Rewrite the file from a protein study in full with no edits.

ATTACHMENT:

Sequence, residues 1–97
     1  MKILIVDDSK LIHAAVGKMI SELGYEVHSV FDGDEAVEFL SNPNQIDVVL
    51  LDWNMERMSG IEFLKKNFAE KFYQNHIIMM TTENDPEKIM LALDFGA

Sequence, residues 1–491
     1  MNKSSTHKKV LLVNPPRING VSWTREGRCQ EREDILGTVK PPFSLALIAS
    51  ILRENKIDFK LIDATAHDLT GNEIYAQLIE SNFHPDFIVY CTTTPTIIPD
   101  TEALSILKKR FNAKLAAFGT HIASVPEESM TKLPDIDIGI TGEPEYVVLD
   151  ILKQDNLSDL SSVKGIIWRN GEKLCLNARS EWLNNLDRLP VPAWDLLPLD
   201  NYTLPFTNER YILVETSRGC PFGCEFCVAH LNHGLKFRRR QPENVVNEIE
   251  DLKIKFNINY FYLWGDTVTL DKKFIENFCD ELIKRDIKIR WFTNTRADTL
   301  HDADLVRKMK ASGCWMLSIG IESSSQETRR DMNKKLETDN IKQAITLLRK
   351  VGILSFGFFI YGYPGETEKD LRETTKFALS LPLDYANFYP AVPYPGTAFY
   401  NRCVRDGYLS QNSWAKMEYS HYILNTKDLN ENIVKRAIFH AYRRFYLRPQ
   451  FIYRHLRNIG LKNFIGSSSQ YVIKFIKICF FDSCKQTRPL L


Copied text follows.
Sequence, residues 1–97
     1  MKILIVDDSK LIHAAVGKMI SELGYEVHSV FDGDEAVEFL SNPNQIDVVL
    51  LDWNMERMSG IEFLKKNFAE KFYQNHIIMM TTENDPEKIM LALDFGA

Sequence, residues 1–491
     1  MNKSSTHKKV LLVNPPRING VSWTREGRCQ EREDILGTVK PPFSLALIAS
    51  ILRENKIDFK LIDATAHDLT GNEIYAQLIE SNFHPDFIVY CTTTPTIIPD
   101  TEALSILKKR FNAKLAAFGT HIASVPEESM TKLPDIDIGI TGEPEYVVLD
   151  ILKQDNLSDL SSVKGIIWRN GEKLCLNARS EWLNNLDRLP VPAWDLLPLD
   201  NYTLPFTNER YILVETSRGC PFGCEFCVAH LNHGLKFRRR QPENVVNEIE
   251  DLKIKFNINY FYLWGDTVTL DKKFIENFCD ELIKRDIKIR WFTNTRADTL
   301  HDADLVRKMK ASGCWMLSIG IESSSQETRR DMNKKLETDN IKQAITLLRK
   351  VGILSFGFFI YGYPGETEKD LRETTKFALS LPLDYANFYP AVPYPGTAFY
   401  NRCVRDGYLS QNSWAKMEYS HYILNTKDLN ENIVKRAIFH AYRRFYLRPQ
   451  FIYRHLRNIG LKNFIGSSSQ YVIKFIKICF FDSCKQTRPL L